The waning moon rises after 10pm at week’s end, then crests the horizon 20-plus minutes later each night, so that by Tuesday, the last-quarter moon rises after midnight. Friday’s gibbous moon rises with glowing Jupiter only six degrees to the south, and the two remain tight through the wee hours before dawn, appearing high in the south with sunrise Saturday at 6:06.
The sun sets this week around 8:15, and each day it leaves us more than a minute earlier. As the sky darkens, a bright light appears in the sun’s wake. Aside from the sun and moon, Venus is the brightest object in the heavens.
While Venus blazes bright enough to shine through twilight’s haze, true darkness reveals Saturn and Mars higher west. All three planets have been pulling together for several weeks, but for Saturn and Mars, Friday marks their point of closest approach, when brighter Saturn appears less than two degrees above ruddy Mars. Two days later, on August 1, they are only a fraction of a degree farther apart, with Saturn hovering due north of Mars. While Mars and Saturn pull away from one another after the first, Venus is fast on their trail, forming a loose triangle.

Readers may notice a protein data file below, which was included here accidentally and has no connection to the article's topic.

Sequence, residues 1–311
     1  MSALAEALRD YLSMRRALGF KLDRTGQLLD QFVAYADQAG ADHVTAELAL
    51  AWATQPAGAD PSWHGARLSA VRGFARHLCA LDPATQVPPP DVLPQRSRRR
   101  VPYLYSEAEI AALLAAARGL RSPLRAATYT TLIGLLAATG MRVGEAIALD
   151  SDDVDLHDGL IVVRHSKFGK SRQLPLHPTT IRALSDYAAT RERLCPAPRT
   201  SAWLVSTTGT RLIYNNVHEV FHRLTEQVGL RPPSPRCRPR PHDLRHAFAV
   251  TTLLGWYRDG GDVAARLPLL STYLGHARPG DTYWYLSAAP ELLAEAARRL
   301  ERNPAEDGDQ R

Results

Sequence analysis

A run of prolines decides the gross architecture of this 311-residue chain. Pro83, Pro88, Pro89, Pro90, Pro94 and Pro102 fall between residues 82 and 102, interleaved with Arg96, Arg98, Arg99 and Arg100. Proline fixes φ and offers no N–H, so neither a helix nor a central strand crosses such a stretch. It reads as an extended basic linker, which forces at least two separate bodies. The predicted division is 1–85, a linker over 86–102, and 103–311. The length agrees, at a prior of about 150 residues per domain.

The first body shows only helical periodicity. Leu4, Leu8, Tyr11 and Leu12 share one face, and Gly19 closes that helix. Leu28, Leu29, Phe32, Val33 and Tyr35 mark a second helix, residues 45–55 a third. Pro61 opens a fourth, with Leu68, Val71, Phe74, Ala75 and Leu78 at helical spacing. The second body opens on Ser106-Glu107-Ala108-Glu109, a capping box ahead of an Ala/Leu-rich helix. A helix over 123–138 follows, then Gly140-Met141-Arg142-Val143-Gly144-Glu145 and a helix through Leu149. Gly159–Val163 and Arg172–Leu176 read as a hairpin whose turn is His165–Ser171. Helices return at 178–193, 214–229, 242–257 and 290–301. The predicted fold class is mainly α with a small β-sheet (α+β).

A fourth planet joins the post-twilight fray, as Mercury strays its farthest east of the setting sun this week. You won’t have long after sunset to spot Mercury, which appears as the brightest light midway between Venus and the horizon.
Given a dark, clear view of the sky, these moonless summer nights reveal the Milky Way flowing overhead. Dark is the key word here, as even modest light will render this river of stars invisible. Practically dividing our sky in half, the Milky Way stretches from the northern constellation Cassiopeia all the way past the southern constellations of Sagittarius and Scorpius.